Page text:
William H. Rehnquist’s plan to stay on as chief justice clears the way for President Bush to make a swift decision to replace retiring Sandra Day O’Connor. Liberals and conservatives have different ideas about whom that might boost, but they agree Bush will try to move the court to the right.
Some conservatives say Rehnquist’s decision changes little and that the president is under pressure to nominate a woman or minority for O’Connor’s seat. Liberals say that with just one vacancy, Bush will feel heat from his right-wing base to nominate a hard-line conservative, man or woman.
The White House isn’t saying when Bush will decide, but court watchers expect it before the end of the month, just as Congress begins its August recess.
Before the 80-year-old Rehnquist, who is battling cancer, announced on Thursday that he was staying, there was speculation that Bush was waiting to make a double-nomination _ a conservative and someone more moderate _ that could defuse a contentious confirmation battle.
“With two, he could have made an effort to please everybody,” said Nan Aron with the liberal Alliance for Justice. “For this one vacancy, not only does it cause the White House to speed up the process, but there’s that much more pressure being exerted on them by radical right groups. They’re under much more pressure to placate their radical right base.”
With prospects for a double-vacancy off the table, Bush is faced only with replacing O’Connor, a moderate conservative who sided with liberal jurists in some of the Supreme Court’s critical 5-4 decisions.
Bush might heed the advice of wife Laura who has nudged him to replace O’Connor with another woman. Still, conservatives argue that the selection process at the White House has changed little with Rehnquist’s decision.
“The only thing that’s different from a month ago is that Justice O’Connor resigned, and no one else has,” said Wendy Long, a counsel for the conservative Judicial Confirmation Network. “She’s a woman, and she’s the only one who has resigned.”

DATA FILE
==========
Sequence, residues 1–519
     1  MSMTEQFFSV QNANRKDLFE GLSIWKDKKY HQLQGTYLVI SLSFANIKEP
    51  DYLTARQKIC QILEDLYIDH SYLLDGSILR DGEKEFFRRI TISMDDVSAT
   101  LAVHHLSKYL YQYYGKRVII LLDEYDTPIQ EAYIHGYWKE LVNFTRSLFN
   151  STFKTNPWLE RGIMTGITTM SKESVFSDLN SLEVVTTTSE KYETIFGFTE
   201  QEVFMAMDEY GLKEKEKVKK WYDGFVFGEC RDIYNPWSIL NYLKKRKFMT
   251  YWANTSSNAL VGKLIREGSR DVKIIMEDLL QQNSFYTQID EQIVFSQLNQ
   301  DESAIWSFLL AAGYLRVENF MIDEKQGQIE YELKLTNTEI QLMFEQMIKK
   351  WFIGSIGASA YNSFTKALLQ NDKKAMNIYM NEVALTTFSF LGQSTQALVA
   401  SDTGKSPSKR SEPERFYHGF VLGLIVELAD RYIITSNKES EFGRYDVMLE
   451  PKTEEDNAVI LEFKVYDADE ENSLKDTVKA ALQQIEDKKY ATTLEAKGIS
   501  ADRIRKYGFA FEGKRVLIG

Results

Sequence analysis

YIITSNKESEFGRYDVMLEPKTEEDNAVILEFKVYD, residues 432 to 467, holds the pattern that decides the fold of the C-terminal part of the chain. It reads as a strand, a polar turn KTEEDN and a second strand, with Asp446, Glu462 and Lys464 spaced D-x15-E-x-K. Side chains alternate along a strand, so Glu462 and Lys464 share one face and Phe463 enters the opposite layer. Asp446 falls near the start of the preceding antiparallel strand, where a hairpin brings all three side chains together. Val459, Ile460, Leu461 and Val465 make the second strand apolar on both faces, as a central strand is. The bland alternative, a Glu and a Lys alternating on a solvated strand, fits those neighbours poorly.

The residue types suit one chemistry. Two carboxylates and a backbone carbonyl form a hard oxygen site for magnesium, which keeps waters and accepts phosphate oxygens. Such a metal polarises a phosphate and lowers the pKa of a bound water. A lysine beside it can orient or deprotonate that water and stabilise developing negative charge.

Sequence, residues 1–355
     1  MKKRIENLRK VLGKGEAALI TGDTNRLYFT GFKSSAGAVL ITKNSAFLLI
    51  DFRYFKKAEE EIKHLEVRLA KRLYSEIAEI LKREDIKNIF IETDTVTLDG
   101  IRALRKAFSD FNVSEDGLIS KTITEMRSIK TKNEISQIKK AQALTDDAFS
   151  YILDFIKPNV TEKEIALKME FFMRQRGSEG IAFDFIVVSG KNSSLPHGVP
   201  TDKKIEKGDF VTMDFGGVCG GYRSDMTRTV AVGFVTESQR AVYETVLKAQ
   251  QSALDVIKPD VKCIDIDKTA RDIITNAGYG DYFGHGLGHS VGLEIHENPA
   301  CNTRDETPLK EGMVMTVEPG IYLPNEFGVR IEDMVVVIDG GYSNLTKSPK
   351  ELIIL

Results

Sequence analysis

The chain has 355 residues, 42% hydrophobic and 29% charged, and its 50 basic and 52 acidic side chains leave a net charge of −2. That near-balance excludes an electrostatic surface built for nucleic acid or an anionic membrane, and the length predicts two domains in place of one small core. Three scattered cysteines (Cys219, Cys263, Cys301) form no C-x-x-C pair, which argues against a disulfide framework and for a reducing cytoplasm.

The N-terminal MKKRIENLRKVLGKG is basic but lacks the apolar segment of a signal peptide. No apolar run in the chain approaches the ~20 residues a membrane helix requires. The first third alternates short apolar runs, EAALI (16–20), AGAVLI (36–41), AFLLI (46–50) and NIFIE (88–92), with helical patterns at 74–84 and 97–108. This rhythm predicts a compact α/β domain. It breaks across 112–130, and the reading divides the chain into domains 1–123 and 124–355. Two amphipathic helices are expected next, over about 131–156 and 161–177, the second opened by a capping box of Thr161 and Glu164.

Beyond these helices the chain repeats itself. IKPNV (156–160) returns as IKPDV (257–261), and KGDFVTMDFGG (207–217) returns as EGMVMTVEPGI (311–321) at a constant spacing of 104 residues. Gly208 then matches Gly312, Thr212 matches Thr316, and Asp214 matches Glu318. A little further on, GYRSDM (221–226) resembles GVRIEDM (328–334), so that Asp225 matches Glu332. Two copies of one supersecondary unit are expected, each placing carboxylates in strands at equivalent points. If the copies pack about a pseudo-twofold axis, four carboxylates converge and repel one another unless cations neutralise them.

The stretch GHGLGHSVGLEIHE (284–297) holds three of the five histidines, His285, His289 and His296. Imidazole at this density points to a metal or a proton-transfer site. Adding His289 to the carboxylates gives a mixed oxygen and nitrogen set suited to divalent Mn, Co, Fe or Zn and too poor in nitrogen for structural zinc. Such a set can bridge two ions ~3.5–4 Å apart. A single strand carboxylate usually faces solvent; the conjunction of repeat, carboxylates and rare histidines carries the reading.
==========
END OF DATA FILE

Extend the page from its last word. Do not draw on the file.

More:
Bush has pledged to nominate someone, like justices Antonin Scalia and Clarence Thomas, who believes the Supreme Court should not be swayed by cultural and social trends.
“The president’s promise about the kind of justice he will appoint, and his track record of picking outstanding female jurists like Janice Rogers Brown and Priscilla Owen, has not changed,” Long said about the two nominees who were filibustered by Democrats and only recently confirmed to federal appellate posts.
Ralph Neas with the liberal People for the American Way said it was unclear how much Bush believes he owes to conservative voters who helped his re-election.
“They expect that he will fulfill his pledge to nominate someone like Thomas or Scalia,” Neas said. “They’ve made it crystal clear that they won’t accept anything less. So it probably makes it more likely that it will be someone in the mode of Thomas and Scalia. We’ll have to oppose such a nominee, but we hope it doesn’t happen.”
One potential nominee, Attorney General Alberto Gonzales, a loyal friend of the president and a Hispanic, has been opposed by some conservatives who believe he is not far enough to the right on issues involving abortion and affirmative action.
Choosing Gonzales would allow Bush to fulfill his desire to appoint the first Hispanic to the court. But there are other Hispanics who have been mentioned.
Overall, the candidates mentioned most often are federal appeals court judges: Samuel Alito, Emilio Garza, J. Michael Juttig, John Roberts Jr., Michael McConnell and J. Harvie Wilkinson III. But as Bush nears his decision, the list of candidates is growing, at least in public speculation.
Lawmakers have lobbed scores of new names into the mix _ more Hispanics, more women and more people who have never donned a judicial robe.
Besides Owen and Brown, female jurists frequently mentioned are Edith Hollan Jones and Edith Clement, who both serve on the 5th U.S. Circuit Court of Appeals in New Orleans.
Other female judges include Alice M. Batchelder of the 6th U.S. Circuit Court of Appeals in Cincinnati; Deborah Cook, a former Ohio Supreme Court judge whom the president appointed to the 6th Circuit; Deanell Reece Tacha of the 10th U.S. Circuit Court of Appeals in Denver; Karen Williams from the 4th U.S. Circuit Court of Appeals in Richmond, Va., and Sonia Sotomayor of the 2nd U.S. Circuit Court of Appeals in New York.
The names of dozens of people outside the judiciary also have been floated as candidates: One person said to be a serious contender is Larry Thompson, counsel at PepsiCo and former deputy attorney general during Bush’s first term. Thompson, who was the highest-ranking black law enforcement official in the federal government, is a longtime friend of justice Thomas.
On the list of other possible contenders are several senators: Lindsey Graham of South Carolina, Michael Crapo of Idaho, Kay Bailey Hutchison of Texas, Judd Gregg of New Hampshire, Mel Martinez of Florida, John Cornyn of Texas and Mike DeWine of Ohio.
Still others include former Solicitor General Ted Olson; former Tennessee Sen. Fred Thompson, who has been assigned to guide Bush’s nominee through confirmation hearings, and Miguel Estrada, a Hispanic lawyer who withdrew his appeals court nomination after it was blocked by Democrats during Bush’s first term.